Further to my New York-London round trip last week (and my NyLon column), I thought I should note my impressions of the journey, given that there is so much controversy at the moment in New York about whether US immigration and security measures are putting off visitors.
Michael Bloomberg, New York City’s mayor, regularly expresses concern that the country does not give a warm enough welcome to people visiting, or wanting to come and work in, New York. Justin Fox of Time argued the other day that, although he ranks New York a better city to live in, immigration officials here ought to be friendlier.
So here is my off-the-cuff comparison:
Richard Florida picks up my mention of the growing role of city-states in the global economy on his blog. He mentions an interesting study that suggests that 40 mega-regions with output of more than $100bn produce more than 66 per cent of world output.
Almost as interesting is that the study identifies economically powerful regions by night-time light emissions seen on satellite photographs. It is always fascinating to look at such photographs and see, for example, the dispiriting lack of night-time light across vast swathes of Africa.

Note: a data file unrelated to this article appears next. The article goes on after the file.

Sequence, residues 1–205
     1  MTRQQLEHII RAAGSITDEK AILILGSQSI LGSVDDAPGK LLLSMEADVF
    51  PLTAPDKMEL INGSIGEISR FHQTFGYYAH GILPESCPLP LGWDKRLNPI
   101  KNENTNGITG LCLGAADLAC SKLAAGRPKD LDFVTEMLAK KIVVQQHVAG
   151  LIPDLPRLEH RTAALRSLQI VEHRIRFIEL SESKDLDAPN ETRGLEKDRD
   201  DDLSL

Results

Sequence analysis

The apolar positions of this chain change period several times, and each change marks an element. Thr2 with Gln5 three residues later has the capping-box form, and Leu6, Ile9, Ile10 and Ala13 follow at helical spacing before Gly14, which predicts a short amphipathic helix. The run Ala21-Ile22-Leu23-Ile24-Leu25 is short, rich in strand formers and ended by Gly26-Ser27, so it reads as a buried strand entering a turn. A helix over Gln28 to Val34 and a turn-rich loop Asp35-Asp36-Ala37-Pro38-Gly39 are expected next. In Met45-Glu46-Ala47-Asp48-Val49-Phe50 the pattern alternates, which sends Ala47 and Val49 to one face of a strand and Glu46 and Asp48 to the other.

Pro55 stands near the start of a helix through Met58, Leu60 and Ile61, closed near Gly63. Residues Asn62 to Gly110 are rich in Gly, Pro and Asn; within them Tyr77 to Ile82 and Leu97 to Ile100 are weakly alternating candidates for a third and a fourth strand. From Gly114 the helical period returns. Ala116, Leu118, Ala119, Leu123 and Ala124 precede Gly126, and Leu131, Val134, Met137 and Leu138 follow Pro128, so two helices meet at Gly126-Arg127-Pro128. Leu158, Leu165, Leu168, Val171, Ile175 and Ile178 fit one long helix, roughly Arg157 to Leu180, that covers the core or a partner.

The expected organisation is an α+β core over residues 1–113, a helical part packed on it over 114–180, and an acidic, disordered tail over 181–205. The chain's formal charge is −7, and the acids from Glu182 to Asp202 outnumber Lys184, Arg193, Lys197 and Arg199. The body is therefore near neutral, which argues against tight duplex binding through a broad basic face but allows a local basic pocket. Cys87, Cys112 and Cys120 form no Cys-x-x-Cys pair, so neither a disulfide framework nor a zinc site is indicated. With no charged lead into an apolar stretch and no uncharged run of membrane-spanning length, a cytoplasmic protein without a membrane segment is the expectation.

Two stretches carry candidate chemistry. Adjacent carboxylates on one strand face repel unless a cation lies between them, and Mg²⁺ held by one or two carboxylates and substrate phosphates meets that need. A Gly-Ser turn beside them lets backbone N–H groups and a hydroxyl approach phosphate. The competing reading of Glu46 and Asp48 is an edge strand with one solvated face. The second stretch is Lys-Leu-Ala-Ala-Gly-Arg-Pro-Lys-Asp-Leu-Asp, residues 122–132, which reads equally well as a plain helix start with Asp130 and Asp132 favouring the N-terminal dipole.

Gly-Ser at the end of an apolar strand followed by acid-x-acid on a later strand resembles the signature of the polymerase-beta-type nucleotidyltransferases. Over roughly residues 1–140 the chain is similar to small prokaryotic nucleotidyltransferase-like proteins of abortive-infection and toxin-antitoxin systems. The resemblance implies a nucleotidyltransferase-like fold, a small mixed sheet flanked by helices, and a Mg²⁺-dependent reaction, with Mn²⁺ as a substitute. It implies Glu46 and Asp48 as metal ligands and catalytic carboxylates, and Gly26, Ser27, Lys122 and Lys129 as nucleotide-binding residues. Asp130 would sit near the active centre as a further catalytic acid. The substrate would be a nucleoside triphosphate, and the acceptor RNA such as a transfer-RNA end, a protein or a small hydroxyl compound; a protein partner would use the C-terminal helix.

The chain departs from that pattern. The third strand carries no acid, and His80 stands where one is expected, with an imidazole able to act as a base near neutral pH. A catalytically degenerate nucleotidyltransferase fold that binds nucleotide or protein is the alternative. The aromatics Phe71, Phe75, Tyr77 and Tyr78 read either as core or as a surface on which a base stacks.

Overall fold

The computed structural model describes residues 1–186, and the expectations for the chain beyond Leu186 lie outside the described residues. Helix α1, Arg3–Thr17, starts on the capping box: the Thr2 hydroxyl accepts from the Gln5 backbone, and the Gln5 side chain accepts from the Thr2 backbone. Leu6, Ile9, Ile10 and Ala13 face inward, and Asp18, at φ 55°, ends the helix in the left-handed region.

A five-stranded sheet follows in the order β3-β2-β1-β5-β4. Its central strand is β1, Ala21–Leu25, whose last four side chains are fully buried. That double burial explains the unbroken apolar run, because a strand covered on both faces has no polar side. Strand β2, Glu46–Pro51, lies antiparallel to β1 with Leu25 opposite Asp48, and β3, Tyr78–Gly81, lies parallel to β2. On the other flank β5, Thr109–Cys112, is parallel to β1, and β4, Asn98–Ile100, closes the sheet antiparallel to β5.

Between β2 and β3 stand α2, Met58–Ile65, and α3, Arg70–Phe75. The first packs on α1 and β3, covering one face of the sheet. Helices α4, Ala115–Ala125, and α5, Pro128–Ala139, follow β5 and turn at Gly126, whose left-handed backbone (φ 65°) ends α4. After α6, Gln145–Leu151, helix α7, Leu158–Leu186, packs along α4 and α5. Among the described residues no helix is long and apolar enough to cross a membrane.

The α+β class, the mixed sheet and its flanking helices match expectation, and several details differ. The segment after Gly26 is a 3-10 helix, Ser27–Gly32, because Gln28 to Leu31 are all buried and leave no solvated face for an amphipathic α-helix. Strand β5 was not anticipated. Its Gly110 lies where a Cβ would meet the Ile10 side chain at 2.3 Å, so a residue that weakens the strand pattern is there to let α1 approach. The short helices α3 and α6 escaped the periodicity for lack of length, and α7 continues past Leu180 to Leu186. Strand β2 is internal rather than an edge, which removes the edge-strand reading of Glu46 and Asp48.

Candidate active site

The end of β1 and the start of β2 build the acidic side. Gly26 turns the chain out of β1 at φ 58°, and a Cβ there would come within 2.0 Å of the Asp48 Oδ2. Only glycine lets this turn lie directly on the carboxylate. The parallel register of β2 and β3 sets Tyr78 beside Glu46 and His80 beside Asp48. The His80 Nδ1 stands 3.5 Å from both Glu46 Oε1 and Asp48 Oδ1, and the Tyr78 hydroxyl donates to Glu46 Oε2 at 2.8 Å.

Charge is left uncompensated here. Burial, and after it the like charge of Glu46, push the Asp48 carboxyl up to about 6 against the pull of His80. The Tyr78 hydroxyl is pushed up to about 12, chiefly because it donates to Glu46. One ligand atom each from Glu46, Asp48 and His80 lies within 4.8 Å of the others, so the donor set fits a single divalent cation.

It was a fun evening at the FT and Goldman Sachs Business Book awards dinner in London last night and congratulations to Bill Cohan, whose book The Last Tycoons beat off stiff competition from Alan Greenspan’s Age of Turbulence and the rest of the shortlist to win.
In the three years I have been on the judging panel, I think this was the hardest decision for the panel to make. But I am glad Bill won for a couple of reasons. Read more
Column on the Financial Times comment page, October 25th Read more
I have just walked a few blocks over to see Christine Lagarde, the French finance minister, at the annual conference in New York organised by Paris Europlace, the organisation that promotes the city and the country as an investment and finance centre.
I last bumped into Ms Lagarde in Davos in January when she was the trade minister but she has since been promoted to become the only woman finance minister in the G8 by Nicolas Sarkozy.
Last night, I went to see Michael Clayton. I do like a thriller in which a lone figure takes on the evil force of the dark corporation and George Clooney, in the title role of the lawyer-fixer who gets an attack of conscience does not disappoint.
It made me think about why corporations and corporate executives are almost always villains in Hollywood films. There is a grand tradition of the sinister corporation reaching back to Soylent Green, a sci-fi tale about a company that makes biscuits out of people. Sorry if I have just given away the plot, but you have had 30 years to see it.